Garment Sewing


Scissors. Check. Sewing machine. Check. Pattern. Check. Excellent, skilled teacher. Check. For the last year, I've been taking sewing lessons at Judy's Sewing Center in Capitola (near Santa Cruz) where I've been studying with the owner, Judy, on Tuesday nights. Not long ago, I branched out and added Thursday night classes taught by Dresden Ericksen, a long-time master seamstress who attended fashion design school and has the chops to match her experience. At only $10 per class, Ericksen guides students in these three-hour weekly garment making classes. Note: To enroll, you need a good grasp on the basics of sewing.

With Ericksen at the helm, you'll learn how to create darts, zippers, buttons, button holes, tucks, setting in a sleeve, fitting a pattern to your body's own proportions and much more. She provides individualized instruction and the classroom provides a warm and friendly atmosphere. I've made several shirts so far in the class, and there's an extensive learning curve, but with Ericksen providing instruction, I have no doubt that with each class, my skills will continue to greatly improve. It's a steal for just $10 and some of the best sewing lessons you'll find in town.

For more information, visit

Stripe MEN

It's official. Stripe MEN in Santa Cruz opens this Friday. As a spin-off to its sister store, Stripe, owned by Dana Norrell and Suna Lock, this new incarnation of the Stripe brand is surely going to be a hit among men and the women who shop for them. Located just a few doors down from the original Stripe, this new storefront will offer a wealth of clothing and accessories that you won't find anywhere else in Santa Cruz.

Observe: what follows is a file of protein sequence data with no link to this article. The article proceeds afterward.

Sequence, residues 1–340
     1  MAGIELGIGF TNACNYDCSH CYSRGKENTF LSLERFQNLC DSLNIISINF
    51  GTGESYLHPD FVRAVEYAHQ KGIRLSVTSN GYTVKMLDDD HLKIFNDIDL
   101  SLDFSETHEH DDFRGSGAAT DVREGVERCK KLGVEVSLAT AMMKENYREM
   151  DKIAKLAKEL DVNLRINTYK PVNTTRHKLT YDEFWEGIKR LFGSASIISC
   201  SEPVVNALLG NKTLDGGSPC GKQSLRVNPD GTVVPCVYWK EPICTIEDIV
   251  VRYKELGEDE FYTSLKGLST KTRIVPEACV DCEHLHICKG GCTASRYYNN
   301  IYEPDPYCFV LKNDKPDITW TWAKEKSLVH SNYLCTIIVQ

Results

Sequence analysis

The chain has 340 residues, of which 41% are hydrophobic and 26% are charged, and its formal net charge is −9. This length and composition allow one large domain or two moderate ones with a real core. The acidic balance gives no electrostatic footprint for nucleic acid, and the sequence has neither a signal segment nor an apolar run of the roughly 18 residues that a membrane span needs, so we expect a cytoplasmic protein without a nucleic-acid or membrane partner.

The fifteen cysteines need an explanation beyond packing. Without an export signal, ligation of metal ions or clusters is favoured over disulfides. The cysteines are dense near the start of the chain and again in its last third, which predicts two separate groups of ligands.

The men's shopping options in this town are limited—a skate sweatshirt, Dickie's, Converse—you get my point—for the man who likes his Americana-inspired boots, his woodsman flannel and his independent designer jeans, there's been no choice but to head up to San Francisco. That's no longer the case. 

"We had created a men's section in Stripe two years ago, and the demand to expand became clear when men were literally begging us for different products, brands, and more," says Norrell. "We really wanted to bring Stripe back to its roots and create a space designed just for men where they'd feel comfortable shopping."

Mission accomplished. The new store (which I'll be reporting about next week after the opening), is "an exaggerated celebration of masculinity," adds Norrell.  "Imagine antlers, woodsy, leather, and rusty tools.  It's a serious celebration of men's pastimes. It's a space designed for men, but completely comfortable and enticing for women as well."

The new store will carry Santa Cruz designers, as well as American brands such as Tellason Denim, Strawfoot Handmade, Thieves, Penfield, Taylor Stitch, Sub_urban Riot, Hippy Tree, Penny Stock, Alternative Apparel, Spiewak and many others. 

Put your boots on. It's time to go shopping. 

Bathtub Bliss